[Book Review] DK Essential Managers: Project Management

I’ve been managing projects for years … probably most of my adult life. Everything from digitizing medical equipment blueprints to complex web applications to playing in bands. Over the last several years my work led me to research and learn quite a bit about project management in a more formal manner than I’d ever known it before. Over time I’ve refined my knowledge but I’m always searching for ways to make project management better, smoother, and more accurate. After digging around I found a link to the DK Essential Managers: Project Management book, was impressed by its succinct but informative content, and want to let everyone know about it.

This book turned out to be a no-nonsense, real-world manual for project management. Sure, you won’t find any in-depth case studies or anecdotal stories about fictitious characters doing what the book says but if you’re looking for a practical, go-to book then look no further. At $4.99 for the Kindle version this book is incredibly well priced for any budget and the value you’ll get from it far outweighs the cost. The paperback can be had for as low as $2.75 if you want (or need) a hard copy. If you do any project management at all, this book will guide you through the steps needed to help you keep your projects healthy.

The book uses a six phase approach which provides a rough outline for any type of project. They are:

  1. Initiation
  2. Definition
  3. Planning
  4. Control
  5. Implementation
  6. Review

The book takes you chapter-by-chapter through each of the six phases, providing solid advice and real-world solutions to common scenarios and problems. I wish I’d found this book 5 years ago … it would have saved me a lot of time, energy, and money. All of the infomation presented can be applied to projects of any size and of any type, making it a versatile and definitive field manual for managing the stuff you need to get done.

The section on time estimataion was an especially relevant topic as I’m working to get my own life back on a decent schedule while repairing some routines and habits. In the past, my time-management skills have left something to be desired and it’s an area I’m constantly working to improve. One of the things I was focused on when working with a development team was improving our ability to estimate work before, during, and after projects. I struggled to find concrete, useable advice on estimation techniques, formulas, and the like. I found a lot of theories but nothing that I felt could be reliably applied to our work or could repeatedly produce accurate estimates. This book’s section on the subject is a scant 2 pages but it’s filled with more useable tips than I’ve found in books that devoted two or three times that.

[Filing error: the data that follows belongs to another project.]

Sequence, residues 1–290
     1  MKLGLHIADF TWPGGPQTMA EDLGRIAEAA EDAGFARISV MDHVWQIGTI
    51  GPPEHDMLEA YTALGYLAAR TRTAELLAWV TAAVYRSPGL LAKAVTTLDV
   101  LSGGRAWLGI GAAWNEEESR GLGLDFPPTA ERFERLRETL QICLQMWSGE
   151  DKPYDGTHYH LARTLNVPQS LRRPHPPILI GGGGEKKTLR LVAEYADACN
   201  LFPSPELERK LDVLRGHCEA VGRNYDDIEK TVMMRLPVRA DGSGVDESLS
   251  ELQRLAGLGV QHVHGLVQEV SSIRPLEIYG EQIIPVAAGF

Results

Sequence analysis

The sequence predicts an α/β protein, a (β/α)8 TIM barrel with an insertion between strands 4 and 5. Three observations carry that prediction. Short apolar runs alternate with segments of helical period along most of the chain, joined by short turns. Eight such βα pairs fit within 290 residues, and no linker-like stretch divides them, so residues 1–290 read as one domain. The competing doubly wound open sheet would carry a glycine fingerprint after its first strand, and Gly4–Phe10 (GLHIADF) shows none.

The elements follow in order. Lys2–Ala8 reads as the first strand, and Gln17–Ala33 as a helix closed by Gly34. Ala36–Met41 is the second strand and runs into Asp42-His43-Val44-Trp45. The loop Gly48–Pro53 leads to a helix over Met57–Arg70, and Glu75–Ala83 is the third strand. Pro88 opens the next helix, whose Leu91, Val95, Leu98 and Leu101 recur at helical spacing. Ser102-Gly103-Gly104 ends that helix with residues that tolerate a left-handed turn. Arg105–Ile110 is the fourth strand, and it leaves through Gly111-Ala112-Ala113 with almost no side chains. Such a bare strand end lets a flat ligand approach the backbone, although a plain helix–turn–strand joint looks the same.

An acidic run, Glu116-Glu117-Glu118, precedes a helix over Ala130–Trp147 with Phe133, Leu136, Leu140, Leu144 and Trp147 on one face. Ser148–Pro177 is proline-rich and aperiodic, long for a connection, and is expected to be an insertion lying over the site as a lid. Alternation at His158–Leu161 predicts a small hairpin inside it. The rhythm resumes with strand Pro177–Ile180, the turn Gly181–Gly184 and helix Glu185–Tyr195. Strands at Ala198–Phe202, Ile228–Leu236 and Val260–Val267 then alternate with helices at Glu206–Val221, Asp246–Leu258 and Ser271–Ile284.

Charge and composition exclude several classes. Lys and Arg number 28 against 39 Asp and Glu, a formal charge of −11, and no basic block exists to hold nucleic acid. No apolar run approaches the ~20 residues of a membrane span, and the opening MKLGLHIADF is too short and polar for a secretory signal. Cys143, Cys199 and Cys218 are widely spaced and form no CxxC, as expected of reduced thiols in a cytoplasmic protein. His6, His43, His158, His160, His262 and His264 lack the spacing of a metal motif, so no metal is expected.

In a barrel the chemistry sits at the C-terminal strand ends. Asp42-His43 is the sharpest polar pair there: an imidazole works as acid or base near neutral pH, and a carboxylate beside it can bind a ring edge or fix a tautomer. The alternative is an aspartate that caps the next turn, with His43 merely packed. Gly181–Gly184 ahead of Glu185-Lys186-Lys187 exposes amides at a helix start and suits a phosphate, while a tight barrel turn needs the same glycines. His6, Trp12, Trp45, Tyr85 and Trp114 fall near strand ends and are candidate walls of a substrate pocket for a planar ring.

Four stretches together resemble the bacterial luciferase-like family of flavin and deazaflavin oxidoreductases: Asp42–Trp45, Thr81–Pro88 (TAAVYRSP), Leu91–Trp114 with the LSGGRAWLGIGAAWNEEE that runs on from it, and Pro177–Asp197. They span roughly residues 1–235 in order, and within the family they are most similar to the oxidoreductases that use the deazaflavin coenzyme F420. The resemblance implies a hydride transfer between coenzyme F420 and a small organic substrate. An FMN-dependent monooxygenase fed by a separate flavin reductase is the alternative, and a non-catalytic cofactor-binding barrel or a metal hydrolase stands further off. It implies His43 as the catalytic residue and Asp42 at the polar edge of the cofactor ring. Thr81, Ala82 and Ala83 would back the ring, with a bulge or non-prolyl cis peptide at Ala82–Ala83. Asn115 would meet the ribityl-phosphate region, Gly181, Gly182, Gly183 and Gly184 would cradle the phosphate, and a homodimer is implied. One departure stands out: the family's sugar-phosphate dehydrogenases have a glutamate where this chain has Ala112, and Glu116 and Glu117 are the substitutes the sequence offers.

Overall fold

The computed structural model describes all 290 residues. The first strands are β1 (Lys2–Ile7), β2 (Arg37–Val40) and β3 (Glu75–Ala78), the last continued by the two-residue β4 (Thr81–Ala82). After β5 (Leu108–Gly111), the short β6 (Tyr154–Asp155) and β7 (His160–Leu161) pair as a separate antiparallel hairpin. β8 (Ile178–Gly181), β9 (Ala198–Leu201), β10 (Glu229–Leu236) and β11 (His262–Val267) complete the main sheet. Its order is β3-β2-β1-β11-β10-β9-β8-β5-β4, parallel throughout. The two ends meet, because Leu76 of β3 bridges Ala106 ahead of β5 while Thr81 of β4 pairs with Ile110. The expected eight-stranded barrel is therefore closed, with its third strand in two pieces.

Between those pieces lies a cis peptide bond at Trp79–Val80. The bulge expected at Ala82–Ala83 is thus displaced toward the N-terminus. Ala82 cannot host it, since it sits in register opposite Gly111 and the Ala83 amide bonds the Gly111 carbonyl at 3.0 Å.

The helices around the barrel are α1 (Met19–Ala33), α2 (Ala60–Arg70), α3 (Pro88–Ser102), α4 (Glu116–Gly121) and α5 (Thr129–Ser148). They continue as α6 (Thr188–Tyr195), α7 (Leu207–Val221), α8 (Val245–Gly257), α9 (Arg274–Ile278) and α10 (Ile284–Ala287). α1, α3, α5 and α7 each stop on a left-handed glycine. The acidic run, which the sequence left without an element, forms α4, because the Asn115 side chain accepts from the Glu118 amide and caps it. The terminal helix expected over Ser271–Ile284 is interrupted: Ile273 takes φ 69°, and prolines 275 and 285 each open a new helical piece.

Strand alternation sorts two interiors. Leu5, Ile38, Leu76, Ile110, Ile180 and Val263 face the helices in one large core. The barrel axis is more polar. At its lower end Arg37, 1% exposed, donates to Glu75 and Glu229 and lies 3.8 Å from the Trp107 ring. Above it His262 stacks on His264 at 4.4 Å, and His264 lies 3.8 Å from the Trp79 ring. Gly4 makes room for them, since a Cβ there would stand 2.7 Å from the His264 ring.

The book covers everything from team management to risk assessment (and beyond), all the while giving you step-by-step guidelines to follow. Now, I’ve been doing this long enough to know that no two projects are exactly (or even remotely) alike so you can’t repeat any plan to the letter and expect stellar results. The steps in this book are more like rails to set your own project management style on. You’ll need to analyze each stage of any project and apply the proper technique in order to improve project performance. After reading this book you’ll be armed with all sorts of tips and tricks you can use. If you’re already doing project management, you’ll use this book like a reference manual. If you’re just getting started this book could be your lifeline. No matter what, if you’re looking for a quick and informative read about project management, do yourself a favor and buy this book.

Categories: Books.